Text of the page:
As a solution to the fact I couldn’t record the script, I used Fiddler as a proxy to capture the urls I visited when manually executing the script in Firefox. Over on the DevDiary there’s an article about this, but the point I wanted to make was this. Loadrunner doesn’t capture everything that’s on a page. Fiddler output was about 40 lines for the homepage, a Loadrunner visit to just the homepage was capturing 10 lines of resources (I managed to get LR to do that before it died again).

It seems that if a resource (for example a .css) contains sub-resources Fiddler will see that but Loadrunner won’t. I don’t know if that is by accident or design. I don’t know if it’s implied that LR is geettng them but not explicit in the results and the logs. I intend to find out in due course but it makes me wonder how I’ve not seen this before in 15 years of performance testing. Maybe it’s specific to this project, I could believe that, we are uniquely complicated from what I’ve seen. But what if it’s not. How many issues could have been avoided if I’d seen a bottleneck on one of those resources – maybe an underperforming java-script for example? It’s all academic now anyway but it’s certainly something I’ll look out for in the future. And as an aside, maybe Loadrunners recording engine isn’t as good as I’ve always thought it to be? Interesting times. In Belgium…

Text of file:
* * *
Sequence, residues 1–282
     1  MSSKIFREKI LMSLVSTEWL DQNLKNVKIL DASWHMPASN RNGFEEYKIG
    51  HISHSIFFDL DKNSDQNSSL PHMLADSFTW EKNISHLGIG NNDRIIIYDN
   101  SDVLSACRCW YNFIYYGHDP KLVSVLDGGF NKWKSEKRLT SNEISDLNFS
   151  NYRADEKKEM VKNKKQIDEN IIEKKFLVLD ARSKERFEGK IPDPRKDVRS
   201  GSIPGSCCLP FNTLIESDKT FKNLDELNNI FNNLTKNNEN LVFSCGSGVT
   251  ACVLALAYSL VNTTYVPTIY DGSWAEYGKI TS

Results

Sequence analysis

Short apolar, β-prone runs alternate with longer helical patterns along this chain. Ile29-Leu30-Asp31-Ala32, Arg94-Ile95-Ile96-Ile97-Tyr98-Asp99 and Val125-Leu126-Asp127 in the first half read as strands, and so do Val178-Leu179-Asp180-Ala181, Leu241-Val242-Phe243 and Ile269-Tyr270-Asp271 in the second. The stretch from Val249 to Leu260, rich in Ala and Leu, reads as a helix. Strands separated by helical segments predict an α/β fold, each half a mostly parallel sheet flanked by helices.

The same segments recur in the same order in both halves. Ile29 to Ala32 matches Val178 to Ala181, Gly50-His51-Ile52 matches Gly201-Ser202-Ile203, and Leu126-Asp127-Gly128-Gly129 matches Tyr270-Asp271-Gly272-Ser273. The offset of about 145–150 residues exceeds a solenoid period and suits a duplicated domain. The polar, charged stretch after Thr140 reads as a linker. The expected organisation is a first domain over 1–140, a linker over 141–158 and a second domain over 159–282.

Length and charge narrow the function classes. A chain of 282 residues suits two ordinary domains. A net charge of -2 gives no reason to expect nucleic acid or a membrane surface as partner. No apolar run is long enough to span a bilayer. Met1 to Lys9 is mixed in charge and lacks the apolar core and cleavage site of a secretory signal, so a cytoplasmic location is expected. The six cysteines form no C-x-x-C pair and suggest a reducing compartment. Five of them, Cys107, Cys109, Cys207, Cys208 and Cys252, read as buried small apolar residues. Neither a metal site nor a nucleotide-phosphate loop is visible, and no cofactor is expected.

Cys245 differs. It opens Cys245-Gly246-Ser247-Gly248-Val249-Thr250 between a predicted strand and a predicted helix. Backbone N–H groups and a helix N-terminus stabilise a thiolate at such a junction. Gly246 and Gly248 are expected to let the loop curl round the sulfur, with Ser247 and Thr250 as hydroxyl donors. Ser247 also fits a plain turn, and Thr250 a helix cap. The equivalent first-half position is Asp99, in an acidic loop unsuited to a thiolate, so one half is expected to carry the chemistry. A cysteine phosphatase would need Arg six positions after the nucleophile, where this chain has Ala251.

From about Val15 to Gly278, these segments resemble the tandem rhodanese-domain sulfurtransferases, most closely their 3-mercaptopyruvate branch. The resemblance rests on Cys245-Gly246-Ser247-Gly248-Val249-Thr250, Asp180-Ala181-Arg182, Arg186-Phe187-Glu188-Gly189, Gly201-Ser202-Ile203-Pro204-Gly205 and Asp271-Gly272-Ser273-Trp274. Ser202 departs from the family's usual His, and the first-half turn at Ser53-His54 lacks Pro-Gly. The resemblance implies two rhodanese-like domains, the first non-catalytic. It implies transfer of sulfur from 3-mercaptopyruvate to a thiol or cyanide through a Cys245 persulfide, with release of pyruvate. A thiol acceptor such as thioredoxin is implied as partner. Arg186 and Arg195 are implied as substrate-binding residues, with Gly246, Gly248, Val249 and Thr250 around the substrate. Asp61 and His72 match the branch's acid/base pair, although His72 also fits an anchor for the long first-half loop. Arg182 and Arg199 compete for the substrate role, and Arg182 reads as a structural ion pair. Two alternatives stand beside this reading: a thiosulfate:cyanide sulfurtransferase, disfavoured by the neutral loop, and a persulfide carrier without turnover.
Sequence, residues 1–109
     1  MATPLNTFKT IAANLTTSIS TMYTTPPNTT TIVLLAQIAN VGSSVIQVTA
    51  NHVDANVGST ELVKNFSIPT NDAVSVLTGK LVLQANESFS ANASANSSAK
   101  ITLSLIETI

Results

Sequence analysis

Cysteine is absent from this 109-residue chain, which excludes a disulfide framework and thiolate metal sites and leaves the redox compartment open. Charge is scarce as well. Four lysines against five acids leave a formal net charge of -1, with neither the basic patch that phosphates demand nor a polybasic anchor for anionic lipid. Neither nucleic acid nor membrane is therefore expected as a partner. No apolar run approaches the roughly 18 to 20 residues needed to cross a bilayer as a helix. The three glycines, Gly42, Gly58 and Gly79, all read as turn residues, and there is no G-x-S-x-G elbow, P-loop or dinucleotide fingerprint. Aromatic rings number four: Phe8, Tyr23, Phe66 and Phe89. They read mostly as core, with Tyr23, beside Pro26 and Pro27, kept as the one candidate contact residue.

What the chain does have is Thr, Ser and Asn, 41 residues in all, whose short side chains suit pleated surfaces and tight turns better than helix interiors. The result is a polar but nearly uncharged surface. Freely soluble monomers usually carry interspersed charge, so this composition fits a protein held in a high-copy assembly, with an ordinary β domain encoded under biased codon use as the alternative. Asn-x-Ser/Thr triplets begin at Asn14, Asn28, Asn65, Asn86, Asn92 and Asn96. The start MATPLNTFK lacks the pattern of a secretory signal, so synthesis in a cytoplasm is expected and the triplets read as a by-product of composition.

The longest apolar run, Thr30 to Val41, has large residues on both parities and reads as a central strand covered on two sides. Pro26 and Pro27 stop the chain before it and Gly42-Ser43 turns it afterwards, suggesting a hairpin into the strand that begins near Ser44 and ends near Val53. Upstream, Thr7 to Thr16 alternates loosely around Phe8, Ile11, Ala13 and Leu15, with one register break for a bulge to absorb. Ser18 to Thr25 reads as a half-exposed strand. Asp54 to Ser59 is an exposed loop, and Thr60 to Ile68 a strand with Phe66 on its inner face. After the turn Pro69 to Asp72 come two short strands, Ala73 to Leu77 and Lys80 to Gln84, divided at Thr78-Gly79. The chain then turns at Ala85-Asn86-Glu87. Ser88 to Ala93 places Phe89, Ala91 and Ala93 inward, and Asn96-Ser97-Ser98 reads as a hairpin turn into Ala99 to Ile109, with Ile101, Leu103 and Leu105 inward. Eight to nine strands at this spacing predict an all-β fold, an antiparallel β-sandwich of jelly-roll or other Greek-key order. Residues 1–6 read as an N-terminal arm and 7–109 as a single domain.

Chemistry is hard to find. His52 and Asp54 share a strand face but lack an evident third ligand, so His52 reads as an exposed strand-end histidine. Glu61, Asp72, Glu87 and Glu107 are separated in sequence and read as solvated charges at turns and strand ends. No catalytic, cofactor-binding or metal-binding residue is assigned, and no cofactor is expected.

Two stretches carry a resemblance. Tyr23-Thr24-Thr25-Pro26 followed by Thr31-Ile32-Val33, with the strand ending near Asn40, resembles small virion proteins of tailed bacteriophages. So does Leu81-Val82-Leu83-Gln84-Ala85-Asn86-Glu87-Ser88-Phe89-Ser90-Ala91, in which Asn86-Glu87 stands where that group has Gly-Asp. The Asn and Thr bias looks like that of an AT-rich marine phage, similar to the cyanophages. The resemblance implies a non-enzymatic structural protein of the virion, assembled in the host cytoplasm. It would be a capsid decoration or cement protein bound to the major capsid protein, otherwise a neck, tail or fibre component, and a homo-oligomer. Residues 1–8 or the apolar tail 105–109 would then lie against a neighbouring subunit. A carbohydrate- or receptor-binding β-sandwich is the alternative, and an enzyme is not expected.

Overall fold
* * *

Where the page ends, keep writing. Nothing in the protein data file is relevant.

Dev Diary

There’s a link to the dev diary over there on the right, currently amongst the links to hosts and wordpress themes. I’ll be adding more relevant content as I find it.

I’ve added a few days of diary regarding test stubs, vbs and vb6. It’s coming along nicely.

The dev diary will be much more informal that the main AS.Org site, this one is going to remain as my more professional aspect.

UPDATE:

The first working version of the Loadrunner Batch Schedule (Excel version) is now available on Dev.